In this process, diversity statements were used at the outset of searches to eliminate candidates. There were two searches.
A.) Search 1 (“Cluster search”). Here five faculty lines were opened in the Life Sciences with no stipulation as to preferred sub-areas. Instead of departments vetting the candidates at the beginning, a committee was formed of 22 members from all departments in the Life Sciences. 993 applications were received, of which 893 were considered viable.
These 893 applications were then vetted for diversity statements alone, rating the statements in three areas: knowledge about diversity, track record in advancing diversity, and plans for advancing diversity if hired. The published Berkeley diversity-evaluation rubric was used, rating candidates on a 1-5 scale for each of the three areas, so that the minimum score was 3 and the maximum 15.
Statements were evaluated blind to the candidate’s names, getting rid of some clues to sex and race. But these data would have been clear, I suspect, from the diversity statements alone (at least for minorities), so I highly doubt that candidates were evaluated “blind” in this respect. No cutoff in scores was given in the description of this search, though there was a described cutoff in the second search (see below).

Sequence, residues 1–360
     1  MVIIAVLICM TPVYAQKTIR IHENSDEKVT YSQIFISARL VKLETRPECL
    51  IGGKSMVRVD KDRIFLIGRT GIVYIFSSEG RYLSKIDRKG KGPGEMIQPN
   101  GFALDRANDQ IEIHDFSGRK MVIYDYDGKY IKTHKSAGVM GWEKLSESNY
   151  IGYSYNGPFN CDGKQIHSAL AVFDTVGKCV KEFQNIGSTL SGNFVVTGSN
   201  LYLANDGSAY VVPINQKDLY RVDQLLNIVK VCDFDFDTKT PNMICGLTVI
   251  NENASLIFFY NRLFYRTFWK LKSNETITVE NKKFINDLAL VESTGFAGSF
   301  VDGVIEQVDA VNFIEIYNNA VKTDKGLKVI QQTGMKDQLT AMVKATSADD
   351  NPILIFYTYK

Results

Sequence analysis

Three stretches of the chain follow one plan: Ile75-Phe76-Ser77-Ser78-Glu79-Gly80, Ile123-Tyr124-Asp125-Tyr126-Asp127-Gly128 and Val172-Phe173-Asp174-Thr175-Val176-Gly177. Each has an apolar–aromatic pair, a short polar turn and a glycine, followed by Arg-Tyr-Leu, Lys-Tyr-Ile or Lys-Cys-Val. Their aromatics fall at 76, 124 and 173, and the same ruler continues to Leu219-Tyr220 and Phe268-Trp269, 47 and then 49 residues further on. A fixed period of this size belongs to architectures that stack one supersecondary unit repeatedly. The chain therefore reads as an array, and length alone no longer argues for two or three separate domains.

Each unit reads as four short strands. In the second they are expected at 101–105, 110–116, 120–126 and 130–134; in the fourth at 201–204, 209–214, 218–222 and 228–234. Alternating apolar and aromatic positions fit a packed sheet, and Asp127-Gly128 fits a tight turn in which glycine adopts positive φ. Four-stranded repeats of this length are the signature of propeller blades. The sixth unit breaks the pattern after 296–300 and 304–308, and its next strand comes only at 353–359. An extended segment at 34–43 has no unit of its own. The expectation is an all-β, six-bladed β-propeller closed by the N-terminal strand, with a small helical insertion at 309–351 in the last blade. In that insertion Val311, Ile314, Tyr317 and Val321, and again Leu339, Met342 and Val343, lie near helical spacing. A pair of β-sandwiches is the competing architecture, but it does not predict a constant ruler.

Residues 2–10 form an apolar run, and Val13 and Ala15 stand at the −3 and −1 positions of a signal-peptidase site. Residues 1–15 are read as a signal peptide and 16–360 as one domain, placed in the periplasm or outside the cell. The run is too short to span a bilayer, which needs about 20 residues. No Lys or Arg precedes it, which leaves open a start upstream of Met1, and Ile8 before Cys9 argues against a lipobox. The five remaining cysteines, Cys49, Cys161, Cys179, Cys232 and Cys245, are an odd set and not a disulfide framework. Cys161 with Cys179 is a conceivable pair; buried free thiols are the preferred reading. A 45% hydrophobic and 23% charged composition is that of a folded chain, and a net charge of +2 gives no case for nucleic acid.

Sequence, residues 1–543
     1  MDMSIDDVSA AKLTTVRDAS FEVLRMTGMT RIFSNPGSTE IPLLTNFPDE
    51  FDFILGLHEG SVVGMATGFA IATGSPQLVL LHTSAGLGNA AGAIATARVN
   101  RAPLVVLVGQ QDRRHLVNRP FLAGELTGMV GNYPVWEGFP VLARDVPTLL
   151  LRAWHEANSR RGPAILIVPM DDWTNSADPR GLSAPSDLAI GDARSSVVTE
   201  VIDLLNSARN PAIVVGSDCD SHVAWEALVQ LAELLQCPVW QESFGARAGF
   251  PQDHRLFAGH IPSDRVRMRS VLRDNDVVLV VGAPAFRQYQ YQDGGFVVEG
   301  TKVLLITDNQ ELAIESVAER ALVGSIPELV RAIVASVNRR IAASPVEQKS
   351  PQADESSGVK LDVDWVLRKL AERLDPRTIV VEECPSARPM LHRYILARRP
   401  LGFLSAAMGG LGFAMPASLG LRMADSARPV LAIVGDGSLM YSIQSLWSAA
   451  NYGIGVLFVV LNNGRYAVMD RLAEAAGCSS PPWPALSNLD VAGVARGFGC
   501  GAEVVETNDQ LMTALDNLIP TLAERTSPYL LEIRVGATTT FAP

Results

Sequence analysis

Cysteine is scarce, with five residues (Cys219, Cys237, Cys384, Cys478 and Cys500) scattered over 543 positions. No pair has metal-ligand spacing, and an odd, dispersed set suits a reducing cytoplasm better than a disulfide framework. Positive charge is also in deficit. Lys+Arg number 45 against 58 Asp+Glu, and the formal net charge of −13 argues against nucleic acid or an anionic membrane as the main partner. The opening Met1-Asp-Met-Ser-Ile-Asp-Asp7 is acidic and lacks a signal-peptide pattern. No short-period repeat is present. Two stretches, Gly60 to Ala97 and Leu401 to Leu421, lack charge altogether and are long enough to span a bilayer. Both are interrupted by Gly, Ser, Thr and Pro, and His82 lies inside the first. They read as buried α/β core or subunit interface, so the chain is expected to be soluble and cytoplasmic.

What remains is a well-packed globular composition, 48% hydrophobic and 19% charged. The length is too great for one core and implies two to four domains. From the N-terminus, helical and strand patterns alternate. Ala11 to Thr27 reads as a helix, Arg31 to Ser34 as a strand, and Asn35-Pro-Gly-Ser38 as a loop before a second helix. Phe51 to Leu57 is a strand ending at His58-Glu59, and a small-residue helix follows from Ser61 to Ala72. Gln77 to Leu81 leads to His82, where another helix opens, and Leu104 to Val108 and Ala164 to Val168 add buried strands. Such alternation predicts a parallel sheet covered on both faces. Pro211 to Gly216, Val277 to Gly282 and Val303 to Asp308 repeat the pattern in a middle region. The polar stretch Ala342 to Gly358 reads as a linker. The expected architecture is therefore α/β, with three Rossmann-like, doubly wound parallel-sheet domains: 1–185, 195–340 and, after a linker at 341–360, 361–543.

Only 214 of the 893 candidates (24%) passed muster here as having adequate diversity statements. These 214 were then passed on to the appropriate departmental search committees to create a short list for interviewing candidates (these are typically 3-6 candidates per job). In this search and the second one below, candidates were also asked to explain their ideas about diversity during the interviews. The diversity interviews also served to weed out candidates:
Finalists were asked to describe their efforts to promote equity and inclusion, as well as ideas for advancing equity and inclusion at Berkeley, as part of their job talk. They also met with the department equity advisor, and/or with a student panel during their on-campus interview.